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Jeremiah 45The Message (MSG)

God’s Piling On the Pain

45 This is what Jeremiah told Baruch one day in the fourth year of Jehoiakim’s reign as he was taking dictation from the prophet:

2-3 “These are the words of God, the God of Israel, to you, Baruch. You say, ‘These are bad times for me! It’s one thing after another. God is piling on the pain. I’m worn out and there’s no end in sight.’

4-5 “But God says, ‘Look around. What I’ve built I’m about to wreck, and what I’ve planted I’m about to rip up. And I’m doing it everywhere—all over the whole earth! So forget about making any big plans for yourself. Things are going to get worse before they get better. But don’t worry. I’ll keep you alive through the whole business.’”

The Message (MSG)

Copyright © 1993, 1994, 1995, 1996, 2000, 2001, 2002 by Eugene H. Peterson

Jeremiah 46The Message (MSG)

You Vainly Collect Medicines

46 God’s Messages through the prophet Jeremiah regarding the godless nations.

2-5 The Message to Egypt and the army of Pharaoh Neco king of Egypt at the time it was defeated by Nebuchadnezzar king of Babylon while camped at Carchemish on the Euphrates River in the fourth year of the reign of Jehoiakim king of Judah:

“‘Present arms!
    March to the front!
Harness the horses!
    Up in the saddles!
Battle formation! Helmets on,
    spears sharpened, armor in place!’
But what’s this I see?
    They’re scared out of their wits!
They break ranks and run for cover.
    Their soldiers panic.
They run this way and that,
    stampeding blindly.
It’s total chaos, total confusion, danger everywhere!”
    God’s Decree.

“The swiftest runners won’t get away,
    the strongest soldiers won’t escape.
In the north country, along the River Euphrates,
    they’ll stagger, stumble, and fall.

7-9 “Who is this like the Nile in flood?
    like its streams torrential?
Why, it’s Egypt like the Nile in flood,
    like its streams torrential,
Saying, ‘I’ll take over the world.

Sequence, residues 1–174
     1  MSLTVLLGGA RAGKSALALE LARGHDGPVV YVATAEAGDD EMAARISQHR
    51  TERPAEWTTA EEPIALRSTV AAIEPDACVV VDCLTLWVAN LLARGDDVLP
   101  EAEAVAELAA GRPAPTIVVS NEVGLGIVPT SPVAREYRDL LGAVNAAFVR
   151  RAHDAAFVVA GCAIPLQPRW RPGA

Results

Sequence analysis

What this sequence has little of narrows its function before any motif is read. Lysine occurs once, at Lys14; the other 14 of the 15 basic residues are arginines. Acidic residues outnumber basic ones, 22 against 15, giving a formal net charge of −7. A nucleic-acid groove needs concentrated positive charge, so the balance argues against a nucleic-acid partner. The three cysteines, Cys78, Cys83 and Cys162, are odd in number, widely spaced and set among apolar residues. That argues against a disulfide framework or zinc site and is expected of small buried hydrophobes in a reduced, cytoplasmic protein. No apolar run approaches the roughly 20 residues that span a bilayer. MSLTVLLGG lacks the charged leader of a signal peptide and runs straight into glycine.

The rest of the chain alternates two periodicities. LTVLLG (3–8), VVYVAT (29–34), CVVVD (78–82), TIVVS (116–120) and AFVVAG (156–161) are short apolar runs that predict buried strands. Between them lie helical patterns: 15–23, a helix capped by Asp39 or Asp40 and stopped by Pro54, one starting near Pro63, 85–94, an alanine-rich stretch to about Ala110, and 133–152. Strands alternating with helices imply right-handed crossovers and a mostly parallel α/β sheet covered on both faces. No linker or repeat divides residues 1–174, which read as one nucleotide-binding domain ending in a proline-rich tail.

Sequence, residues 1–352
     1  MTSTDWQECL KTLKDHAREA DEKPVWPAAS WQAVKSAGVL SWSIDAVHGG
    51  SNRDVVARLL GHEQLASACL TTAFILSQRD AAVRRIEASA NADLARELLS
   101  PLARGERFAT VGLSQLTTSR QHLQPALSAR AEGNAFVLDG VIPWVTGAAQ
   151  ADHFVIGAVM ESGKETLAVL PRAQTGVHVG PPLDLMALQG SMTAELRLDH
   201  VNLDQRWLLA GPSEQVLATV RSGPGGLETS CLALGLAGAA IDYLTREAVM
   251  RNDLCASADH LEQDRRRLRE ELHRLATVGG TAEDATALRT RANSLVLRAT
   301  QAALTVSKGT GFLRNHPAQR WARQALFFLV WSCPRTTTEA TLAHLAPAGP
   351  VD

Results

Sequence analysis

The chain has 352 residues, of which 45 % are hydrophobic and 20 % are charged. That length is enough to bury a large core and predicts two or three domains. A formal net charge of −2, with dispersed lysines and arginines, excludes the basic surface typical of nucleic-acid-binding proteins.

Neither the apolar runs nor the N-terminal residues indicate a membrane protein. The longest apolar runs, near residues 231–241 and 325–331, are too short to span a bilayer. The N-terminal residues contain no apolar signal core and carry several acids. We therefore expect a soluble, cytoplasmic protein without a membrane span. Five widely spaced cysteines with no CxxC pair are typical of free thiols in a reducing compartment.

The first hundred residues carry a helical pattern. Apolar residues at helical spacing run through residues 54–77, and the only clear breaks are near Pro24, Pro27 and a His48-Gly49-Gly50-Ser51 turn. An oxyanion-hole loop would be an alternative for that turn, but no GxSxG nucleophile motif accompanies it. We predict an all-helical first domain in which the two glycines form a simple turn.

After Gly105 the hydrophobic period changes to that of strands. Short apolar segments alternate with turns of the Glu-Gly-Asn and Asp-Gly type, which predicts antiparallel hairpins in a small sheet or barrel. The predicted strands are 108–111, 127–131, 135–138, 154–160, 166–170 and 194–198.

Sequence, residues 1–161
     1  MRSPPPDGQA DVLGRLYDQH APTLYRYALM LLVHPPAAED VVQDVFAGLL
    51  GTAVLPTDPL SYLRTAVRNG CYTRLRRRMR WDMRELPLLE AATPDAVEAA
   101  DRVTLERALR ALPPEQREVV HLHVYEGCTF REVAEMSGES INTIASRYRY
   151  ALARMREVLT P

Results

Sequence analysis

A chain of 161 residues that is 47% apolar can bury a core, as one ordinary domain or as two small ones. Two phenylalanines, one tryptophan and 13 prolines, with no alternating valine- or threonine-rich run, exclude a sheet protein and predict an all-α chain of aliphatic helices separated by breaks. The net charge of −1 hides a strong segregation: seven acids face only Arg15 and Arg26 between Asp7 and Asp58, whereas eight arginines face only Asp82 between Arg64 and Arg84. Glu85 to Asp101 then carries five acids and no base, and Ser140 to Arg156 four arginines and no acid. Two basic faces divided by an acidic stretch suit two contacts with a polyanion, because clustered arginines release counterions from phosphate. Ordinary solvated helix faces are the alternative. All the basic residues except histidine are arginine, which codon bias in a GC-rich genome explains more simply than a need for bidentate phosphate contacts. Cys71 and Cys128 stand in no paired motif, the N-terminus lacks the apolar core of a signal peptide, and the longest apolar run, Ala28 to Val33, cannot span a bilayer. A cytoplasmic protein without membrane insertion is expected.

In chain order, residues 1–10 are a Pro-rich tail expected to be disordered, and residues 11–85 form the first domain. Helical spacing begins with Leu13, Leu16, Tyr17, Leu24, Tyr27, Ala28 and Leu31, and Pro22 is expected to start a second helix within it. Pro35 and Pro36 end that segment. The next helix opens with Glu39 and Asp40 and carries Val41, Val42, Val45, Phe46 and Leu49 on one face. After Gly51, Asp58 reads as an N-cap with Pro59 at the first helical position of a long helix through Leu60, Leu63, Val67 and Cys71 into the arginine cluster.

I’ll wipe out cities and peoples.’
Run, horses!
    Roll, chariots!
Advance, soldiers
    from Cush and Put with your shields,
Soldiers from Lud,
    experts with bow and arrow.

10 “But it’s not your day. It’s the Master’s, me, God-of-the-Angel-Armies—
    the day when I have it out with my enemies,
The day when Sword puts an end to my enemies,
    when Sword exacts vengeance.
I, the Master, God-of-the-Angel-Armies,
    will pile them on an altar—a huge sacrifice!—
In the great north country,
    along the mighty Euphrates.

11-12 “Oh, virgin Daughter Egypt,
    climb into the mountains of Gilead, get healing balm.
You will vainly collect medicines,
    for nothing will be able to cure what ails you.
The whole world will hear your anguished cries.
    Your wails fill the earth,
As soldier falls against soldier
    and they all go down in a heap.”

Egypt’s Army Slithers Like a Snake

13 The Message that God gave to the prophet Jeremiah when Nebuchadnezzar king of Babylon was on his way to attack Egypt:

14 “Tell Egypt, alert Migdol,
    post warnings in Noph and Tahpanhes:
‘Wake up! Be prepared!
    War’s coming!’

15-19 “Why will your bull-god Apis run off?
    Because God will drive him off.
Your ragtag army will fall to pieces.
    The word is passing through the ranks,
‘Let’s get out of here while we still can.
    Let’s head for home and save our skins.’
When they get home they’ll nickname Pharaoh
    ‘Big-Talk-Bad-Luck.’
As sure as I am the living God”
    —the King’s Decree, God-of-the-Angel-Armies is his name—